All in all: is it particularly cheap? No and the one-day option is better for someone doing basic home work. However you receive close attention from Scott and avoid having to wade through endless and often contradictory Youtube videos. For me I hope to be able to set up my own little cottage industry when (hopefully) on a season and make a few extra quid a week for ski lessons. If you're interested in this sort of thing or want to add to your CV then it's definitely worth a look.

Lastly, if you complete the course and want to buy your own kit there is a 15% discount available on the wide range of Holmenkohl kit that they sell.

https://www.theskierslounge.co.uk/pages/training/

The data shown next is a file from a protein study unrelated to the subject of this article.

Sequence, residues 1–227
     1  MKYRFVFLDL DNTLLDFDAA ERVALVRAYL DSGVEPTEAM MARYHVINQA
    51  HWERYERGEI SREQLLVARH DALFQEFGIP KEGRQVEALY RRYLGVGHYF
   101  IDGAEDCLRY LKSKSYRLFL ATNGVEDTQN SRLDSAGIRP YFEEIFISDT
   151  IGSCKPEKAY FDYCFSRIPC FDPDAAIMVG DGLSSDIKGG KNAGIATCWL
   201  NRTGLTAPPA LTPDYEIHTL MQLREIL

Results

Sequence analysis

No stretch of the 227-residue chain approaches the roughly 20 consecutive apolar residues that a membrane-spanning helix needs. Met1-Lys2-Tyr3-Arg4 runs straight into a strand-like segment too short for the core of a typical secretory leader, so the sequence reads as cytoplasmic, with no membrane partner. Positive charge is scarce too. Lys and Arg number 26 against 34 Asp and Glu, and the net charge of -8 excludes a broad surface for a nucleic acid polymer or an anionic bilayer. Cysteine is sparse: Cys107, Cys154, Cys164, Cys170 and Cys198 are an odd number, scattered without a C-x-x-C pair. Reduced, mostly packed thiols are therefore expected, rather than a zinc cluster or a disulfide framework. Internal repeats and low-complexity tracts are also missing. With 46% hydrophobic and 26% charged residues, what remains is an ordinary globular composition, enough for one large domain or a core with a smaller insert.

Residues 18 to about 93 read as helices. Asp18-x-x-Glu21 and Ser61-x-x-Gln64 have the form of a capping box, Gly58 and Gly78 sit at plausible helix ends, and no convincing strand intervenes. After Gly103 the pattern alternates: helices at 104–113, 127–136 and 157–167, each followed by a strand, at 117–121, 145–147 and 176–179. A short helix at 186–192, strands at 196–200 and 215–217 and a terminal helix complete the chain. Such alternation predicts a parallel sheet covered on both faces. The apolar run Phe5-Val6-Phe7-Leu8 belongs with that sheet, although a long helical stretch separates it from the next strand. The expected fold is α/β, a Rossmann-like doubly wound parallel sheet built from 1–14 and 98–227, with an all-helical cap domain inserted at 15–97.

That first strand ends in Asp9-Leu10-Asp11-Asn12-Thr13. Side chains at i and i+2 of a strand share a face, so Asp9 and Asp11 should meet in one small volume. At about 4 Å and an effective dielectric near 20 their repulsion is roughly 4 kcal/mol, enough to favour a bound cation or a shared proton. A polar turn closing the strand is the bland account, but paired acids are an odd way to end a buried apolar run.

Thanks for the review. I am glad you found the course useful, and enjoyed it!

ScottyDog
snow report
 Anyway, snowHeads is much more fun if you do.
Anyway, snowHeads is much more fun if you do.
Richard_Sideways wrote:
Thanks - I had looked at one of these when Scott still had Edge & Wax, but they weren't running the course when I wanted to go, and never got around to trying again. Quite fancy the 1-day one, as hands on is always better than You Tube etc. I've been servicing our own kit for a year or so and while the stash in the garage grows year-on-year, its a useful skill to have.

Question: Can you bring your own kit (if you have it) to work with, and your own ski/board to work on during the session?


Hi, we encourage you to bring your own skis/board (not too many mind, 1 or 2 is fine!) so you can actually practice some of the steps covered with the reassurance of someone (me) being stood there to help guide and support you.

You can also bring your own tools if you wish, and we will assess them and make any recommendations to use, setup or replacement if they are not up to snuff Smile

Thanks

ScottyDog
snow report